Thursday, July 14, 2011

"To Breed or Not To Breed"

I've worked at breeding farms. I've foaled babies. I've taken care of broodmares. I've handled stallions.
Doing all of that for other people is a different ballgame than to operate your own breeding enterprise. For one, you don't have nowhere the hired manpower.

My broodmare band is small but, as far as I'm concerned, good quality and conformation.
It's not a large band of mares. In total, I have 4 actual broodmares. This excludes Molly, who was very enthusiastically hollering at Doodle today when I brought him up to tease the girls. I'm not really counting Molly into the broodies gang because she is going to be running this fall.

Cat D'Or AKA KittyKats, is 17 hands at the stick and as much as I hate to say it, sort of resembles a stick. She's tall and lanky. There is nothing wrong with her conformation, she's just, well, tall and lanky.

"Cat D'Or" by Cats At Home x Ruthann D'Or

She's a sweet mare who can be very stubborn and was a monster under saddle. No one could hold her and she just wouldn't quit going. Tough to train according to my good friend Mark, who trained her through her career. Kat has some ankle track jewelry that would flare up during training repeatedly. Kat was retired from the track last winter.

Yesterday KittyKats was letting us know she's in season and wants a date with Doodle.
So today, we pulled her out of the pasture, put her up in the barn and brought Mr. Hot Pants up to her to see where we're at.
Kitty is a maiden mare, which means she's never been bred before. Nature takes care of a lot of things but that doesn't mean they automatically know what to do and when to do it.
Kitty is also a dominant mare. She'll squeal at anything. Another mare comes up. Squeal.
She smells a pile that's not familiar. Squeal. A ball of mane hair off Doodle after mane pulling. Squeal.
'Course the first thing she did was "Squeal!" at Doodle.

Well, he squealed right back but he sounded like he meant it a whole lot more than she did.
So we sniff and snort noses. We squeal some more.
Kitty turns her butt to him and winks. Poor Doodle is about to have a heart attack.
This, no doubt, is the equivalent of the nerdy guy with glasses going to a bar and the hot brunette in stiletto heals coming up to him and raising her mini skirt to flaunt her garter belt.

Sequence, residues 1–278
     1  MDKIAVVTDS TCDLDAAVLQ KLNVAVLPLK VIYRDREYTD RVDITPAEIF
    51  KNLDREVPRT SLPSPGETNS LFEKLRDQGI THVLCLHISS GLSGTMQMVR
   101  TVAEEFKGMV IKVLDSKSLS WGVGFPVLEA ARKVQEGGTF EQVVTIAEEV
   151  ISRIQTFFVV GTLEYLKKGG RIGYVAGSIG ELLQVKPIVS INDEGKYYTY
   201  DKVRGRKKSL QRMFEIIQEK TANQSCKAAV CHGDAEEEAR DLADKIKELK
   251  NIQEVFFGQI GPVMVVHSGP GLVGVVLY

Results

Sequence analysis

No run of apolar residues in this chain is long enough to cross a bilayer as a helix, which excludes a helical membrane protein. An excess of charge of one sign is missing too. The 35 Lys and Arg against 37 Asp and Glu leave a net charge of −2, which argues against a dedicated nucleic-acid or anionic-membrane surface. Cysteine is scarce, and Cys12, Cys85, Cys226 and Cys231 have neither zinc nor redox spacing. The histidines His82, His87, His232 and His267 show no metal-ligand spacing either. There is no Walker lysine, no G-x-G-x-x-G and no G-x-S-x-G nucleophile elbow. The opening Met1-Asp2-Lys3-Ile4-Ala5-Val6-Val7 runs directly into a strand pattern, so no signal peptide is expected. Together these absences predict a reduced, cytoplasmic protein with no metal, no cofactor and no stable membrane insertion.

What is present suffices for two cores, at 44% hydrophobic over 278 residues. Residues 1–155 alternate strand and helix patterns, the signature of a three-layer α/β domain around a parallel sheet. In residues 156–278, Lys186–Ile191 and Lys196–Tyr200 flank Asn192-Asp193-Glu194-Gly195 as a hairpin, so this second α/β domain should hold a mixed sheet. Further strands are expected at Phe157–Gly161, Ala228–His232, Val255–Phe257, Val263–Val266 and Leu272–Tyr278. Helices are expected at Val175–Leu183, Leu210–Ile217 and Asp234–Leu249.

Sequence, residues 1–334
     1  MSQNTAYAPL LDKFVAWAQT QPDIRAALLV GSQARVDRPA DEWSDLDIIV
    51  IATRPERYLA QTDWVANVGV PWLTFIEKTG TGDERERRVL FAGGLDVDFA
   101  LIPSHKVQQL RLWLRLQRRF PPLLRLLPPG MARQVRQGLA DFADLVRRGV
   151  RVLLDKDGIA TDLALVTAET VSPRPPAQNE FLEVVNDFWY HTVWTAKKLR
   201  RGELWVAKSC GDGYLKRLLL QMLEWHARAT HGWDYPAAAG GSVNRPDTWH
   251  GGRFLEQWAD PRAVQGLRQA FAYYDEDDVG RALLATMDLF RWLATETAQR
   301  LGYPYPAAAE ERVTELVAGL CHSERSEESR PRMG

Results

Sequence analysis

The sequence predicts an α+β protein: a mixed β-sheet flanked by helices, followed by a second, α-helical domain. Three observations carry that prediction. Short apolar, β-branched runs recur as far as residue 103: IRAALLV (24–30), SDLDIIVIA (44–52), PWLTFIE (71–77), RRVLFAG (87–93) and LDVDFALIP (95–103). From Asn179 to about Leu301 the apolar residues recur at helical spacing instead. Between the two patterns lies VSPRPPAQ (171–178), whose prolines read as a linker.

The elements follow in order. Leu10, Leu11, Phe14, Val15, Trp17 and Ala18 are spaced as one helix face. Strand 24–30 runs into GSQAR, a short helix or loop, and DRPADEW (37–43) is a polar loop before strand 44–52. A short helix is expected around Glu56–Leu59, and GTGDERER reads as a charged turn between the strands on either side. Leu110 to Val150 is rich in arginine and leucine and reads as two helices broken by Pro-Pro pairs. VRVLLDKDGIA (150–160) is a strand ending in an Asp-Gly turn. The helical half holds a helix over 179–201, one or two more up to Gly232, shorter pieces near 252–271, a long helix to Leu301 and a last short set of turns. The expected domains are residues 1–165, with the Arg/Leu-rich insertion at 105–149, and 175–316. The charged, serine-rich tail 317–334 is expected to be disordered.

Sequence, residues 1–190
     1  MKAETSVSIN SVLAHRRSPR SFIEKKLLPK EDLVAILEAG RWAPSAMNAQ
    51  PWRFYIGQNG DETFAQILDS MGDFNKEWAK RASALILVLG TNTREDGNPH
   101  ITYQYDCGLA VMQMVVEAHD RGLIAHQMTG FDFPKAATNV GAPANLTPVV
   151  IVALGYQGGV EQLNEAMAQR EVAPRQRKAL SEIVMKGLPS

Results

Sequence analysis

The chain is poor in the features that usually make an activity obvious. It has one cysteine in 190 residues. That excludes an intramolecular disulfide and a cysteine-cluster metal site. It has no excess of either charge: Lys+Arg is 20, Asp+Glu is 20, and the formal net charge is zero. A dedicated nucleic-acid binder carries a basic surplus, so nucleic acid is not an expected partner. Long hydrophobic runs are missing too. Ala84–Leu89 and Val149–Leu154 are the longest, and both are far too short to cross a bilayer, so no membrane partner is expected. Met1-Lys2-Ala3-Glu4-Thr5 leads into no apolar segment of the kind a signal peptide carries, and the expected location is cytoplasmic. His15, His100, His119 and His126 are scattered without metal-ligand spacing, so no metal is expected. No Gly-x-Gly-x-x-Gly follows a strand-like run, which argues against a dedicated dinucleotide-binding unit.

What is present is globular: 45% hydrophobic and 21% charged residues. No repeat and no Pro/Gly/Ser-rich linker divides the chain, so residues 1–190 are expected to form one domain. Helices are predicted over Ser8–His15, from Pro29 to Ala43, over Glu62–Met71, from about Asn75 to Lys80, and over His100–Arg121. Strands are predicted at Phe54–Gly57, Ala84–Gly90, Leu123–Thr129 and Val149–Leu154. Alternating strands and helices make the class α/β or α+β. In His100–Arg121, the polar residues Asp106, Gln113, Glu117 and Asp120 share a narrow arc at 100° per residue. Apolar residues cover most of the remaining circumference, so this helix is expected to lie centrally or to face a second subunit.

Around she turns again and we have more of the mysterious and undoubtedly raunchy sweet nothings whispered between their two sets of nostrils.
Again she whirls around and winks and this time, backs up close enough for him to sniff her right on the tail.

By nature, mares are all hoochies. Period. There's nothing subtle or endearing about these mating rituals. If human females acted that way, the whole race would be dubbed whores.
Watching, or participating in the mating rituals of horses is not for the faint-hearted or easily embarrassed types. It is what it is, the way mother nature intended.

We take Kitty out to the roundpen. I wait a moment and follow with Doodle.
Now mind you, all the other mares are hollering in the pasture. Every horse is up on their toes.
This is exciting stuff!!!!! Who can think straight when there is all this exciting stuff happening?!?

Apparently not me. In the hustle bustle and excitement, I missed a crucial detail which turned the whole breeding event into a fiasco within seconds.

I've bred Doodle before, myself. He also covered a couple of mares last year.
The routine is that you lead him to the mare (or vice versa) while one or the other is in a stall.
Shank is over Doodle's nose.
Take the mare out and get her situated to breed.
Walk Doodle a couple of rounds and put the chain from over his nose INTO HIS MOUTH.

Well, shoot me and the horse I rode in on, I forgot.
Doodle thought it was still "play silly games with the mare to get her ready" time.
God God Almighty, that poor horse was so excited and over-excited and then again excited, his "weewee" was mushroomed like a giant bistro umbrella, he kept smacking himself with it, no doubt to try and get some relief.
Kitty just stood there and waited and waited while Doodle kept nuzzling and hollering and nuzzling and got frustrated, because he thought that's what he was supposed to do, since there was no chain in his mouth, which would have told him it's actually time to breed: Mount, Insert "weewee", Do the Do and Dismount.

He ended up running in circles, completely losing his head (his brain tends to shrink in size when he gets THAT excited) and had to be cold hosed for a while.
The poor guy probably has blue balls tonight.

On the up side (I don't mean his up side, which was up for a long while after), I did realize my mistake shortly, fessed up to my friend who was there helping and we gave up before the scenario actually took on disastrous proportions.

Tomorrow, we give it another go. This time the chain will be where it belongs. Along those same lines, I'm hoping the "weewee" will go where it belongs as well.
And I gotta do this shit another 4 or possibly 5 times in the next few weeks, at a minimum.
The expression "Waaaaaaaaaaaaaaaaaaaaaaaaaaahhhhhhhhhhhhhhh" comes to mind....

The moment was in a way Shakespearean... To Breed Or Not To Breed?
Today's answer was a resounding "No!"

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